Yahya Cholil Staquf

Why Muslims like me are worried about the Batley protests

(Getty images)

To some, the persecution of a schoolteacher who showed his pupils a cartoon of the Prophet Mohammed may seem like a local quarrel. Does it really matter, many Britons will ask, that a few dozen men gathered at the gates of a school in West Yorkshire? Surely it will blow over before long, goes the thinking.

Alas, this view – all too common in officialdom throughout the western world – is deeply naïve. To those of us in the Muslim world who work to counter Islamist extremism, what is happening at Batley Grammar School is disturbingly familiar. What may look like a local incident is in fact one with national implications and strong international parallels. That is why it draws our attention.

Notably, it shares precisely the same ingredients as the row over Samuel Paty, the French teacher who showed his pupils similar images in a civic education class last autumn, and was then brutally murdered in the street. I only pray that what is happening in Batley does not end in violence.

The truth is that this clash is only one small example of a much wider problem

These incidents illustrate an immense cultural and political gulf that exists in Western societies today. On one side stand proponents of a secular ideology whose cultural, economic and political power verges upon hegemony in much of the West. On the other side of this gulf stand those who embrace more traditional values, including many Christians, Orthodox Jews and Muslims.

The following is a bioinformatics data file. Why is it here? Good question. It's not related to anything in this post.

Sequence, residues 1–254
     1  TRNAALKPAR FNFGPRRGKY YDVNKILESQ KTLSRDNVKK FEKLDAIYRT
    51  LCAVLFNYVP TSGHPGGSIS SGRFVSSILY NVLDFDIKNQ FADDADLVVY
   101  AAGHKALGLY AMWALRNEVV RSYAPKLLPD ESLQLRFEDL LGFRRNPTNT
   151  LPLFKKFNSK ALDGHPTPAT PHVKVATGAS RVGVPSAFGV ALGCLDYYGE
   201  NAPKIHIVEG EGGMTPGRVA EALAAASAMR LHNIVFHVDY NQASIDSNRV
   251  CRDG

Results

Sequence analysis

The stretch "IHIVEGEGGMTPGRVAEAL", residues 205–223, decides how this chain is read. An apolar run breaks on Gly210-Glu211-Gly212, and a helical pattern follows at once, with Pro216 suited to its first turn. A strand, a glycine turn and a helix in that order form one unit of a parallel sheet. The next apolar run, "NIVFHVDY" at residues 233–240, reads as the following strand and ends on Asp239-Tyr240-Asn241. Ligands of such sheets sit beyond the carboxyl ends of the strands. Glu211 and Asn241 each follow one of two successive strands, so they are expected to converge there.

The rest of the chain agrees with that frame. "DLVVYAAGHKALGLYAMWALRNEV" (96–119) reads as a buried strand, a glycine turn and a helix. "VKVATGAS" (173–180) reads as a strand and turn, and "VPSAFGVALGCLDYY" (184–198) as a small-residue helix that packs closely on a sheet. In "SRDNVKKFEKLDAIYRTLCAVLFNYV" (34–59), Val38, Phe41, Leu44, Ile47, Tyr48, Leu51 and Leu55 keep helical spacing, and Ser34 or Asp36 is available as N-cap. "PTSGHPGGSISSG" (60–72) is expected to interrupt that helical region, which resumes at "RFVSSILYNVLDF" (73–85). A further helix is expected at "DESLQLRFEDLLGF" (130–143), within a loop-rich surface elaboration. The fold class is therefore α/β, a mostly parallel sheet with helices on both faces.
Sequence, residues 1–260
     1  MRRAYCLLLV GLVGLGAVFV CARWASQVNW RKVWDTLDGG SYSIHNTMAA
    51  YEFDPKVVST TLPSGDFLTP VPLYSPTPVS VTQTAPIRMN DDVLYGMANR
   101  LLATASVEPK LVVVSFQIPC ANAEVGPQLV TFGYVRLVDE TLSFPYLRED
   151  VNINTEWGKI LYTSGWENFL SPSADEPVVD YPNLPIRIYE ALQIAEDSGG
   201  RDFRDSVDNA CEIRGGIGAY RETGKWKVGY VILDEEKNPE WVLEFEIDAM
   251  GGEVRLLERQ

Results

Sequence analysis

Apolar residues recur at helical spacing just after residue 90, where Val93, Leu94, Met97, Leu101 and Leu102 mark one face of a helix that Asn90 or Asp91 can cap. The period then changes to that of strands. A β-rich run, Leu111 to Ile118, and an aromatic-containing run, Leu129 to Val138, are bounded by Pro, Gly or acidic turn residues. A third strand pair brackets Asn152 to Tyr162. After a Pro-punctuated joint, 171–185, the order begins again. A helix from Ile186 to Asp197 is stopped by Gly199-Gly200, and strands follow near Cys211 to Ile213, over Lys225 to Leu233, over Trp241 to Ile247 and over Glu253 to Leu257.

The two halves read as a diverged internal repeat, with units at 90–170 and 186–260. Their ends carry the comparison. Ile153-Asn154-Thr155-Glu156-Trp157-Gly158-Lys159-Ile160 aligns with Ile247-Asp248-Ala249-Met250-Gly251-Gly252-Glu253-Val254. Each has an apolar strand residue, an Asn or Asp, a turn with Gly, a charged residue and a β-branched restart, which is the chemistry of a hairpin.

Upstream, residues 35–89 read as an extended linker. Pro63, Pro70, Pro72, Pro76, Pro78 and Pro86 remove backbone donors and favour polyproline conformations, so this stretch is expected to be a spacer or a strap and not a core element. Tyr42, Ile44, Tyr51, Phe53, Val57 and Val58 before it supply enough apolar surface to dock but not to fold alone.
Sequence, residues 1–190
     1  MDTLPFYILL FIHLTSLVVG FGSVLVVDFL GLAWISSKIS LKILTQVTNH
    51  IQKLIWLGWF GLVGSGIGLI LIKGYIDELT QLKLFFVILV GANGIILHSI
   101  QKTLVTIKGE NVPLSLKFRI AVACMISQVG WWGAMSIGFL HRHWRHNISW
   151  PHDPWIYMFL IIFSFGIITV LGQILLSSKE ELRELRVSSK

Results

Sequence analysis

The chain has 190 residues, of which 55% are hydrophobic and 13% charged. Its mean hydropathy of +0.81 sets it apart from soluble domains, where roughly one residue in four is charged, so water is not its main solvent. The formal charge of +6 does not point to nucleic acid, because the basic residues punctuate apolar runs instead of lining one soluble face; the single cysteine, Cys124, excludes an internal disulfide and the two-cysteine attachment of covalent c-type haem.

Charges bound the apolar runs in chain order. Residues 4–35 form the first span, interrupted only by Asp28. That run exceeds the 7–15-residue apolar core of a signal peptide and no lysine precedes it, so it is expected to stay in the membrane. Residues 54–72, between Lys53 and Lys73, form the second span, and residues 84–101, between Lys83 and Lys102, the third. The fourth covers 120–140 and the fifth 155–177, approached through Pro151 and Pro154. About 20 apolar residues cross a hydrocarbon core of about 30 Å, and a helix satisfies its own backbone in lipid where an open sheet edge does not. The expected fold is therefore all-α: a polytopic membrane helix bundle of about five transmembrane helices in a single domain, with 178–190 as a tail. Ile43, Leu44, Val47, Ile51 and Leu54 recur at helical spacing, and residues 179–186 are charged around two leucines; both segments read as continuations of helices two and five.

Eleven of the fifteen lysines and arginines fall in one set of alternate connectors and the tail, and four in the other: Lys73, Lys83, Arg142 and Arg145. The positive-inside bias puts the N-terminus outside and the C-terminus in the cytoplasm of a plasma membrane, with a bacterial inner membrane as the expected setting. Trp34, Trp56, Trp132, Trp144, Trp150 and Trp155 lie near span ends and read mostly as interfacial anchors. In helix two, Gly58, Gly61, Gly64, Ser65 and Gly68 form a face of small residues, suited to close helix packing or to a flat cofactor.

Religious believers of all faiths often find their values and beliefs treated with derision and scorn, something that can be extremely offensive and upsetting. It is some Muslims’ misguided responses to this challenging and unfortunate reality, however, that so clearly set them apart from adherents of other faiths.

Rather than leading by example and seeking to raise the level of global discourse among the world’s diverse peoples, cultures and religions to that of the highest common denominator, some Muslims have allowed Islam to be hijacked by political opportunists.

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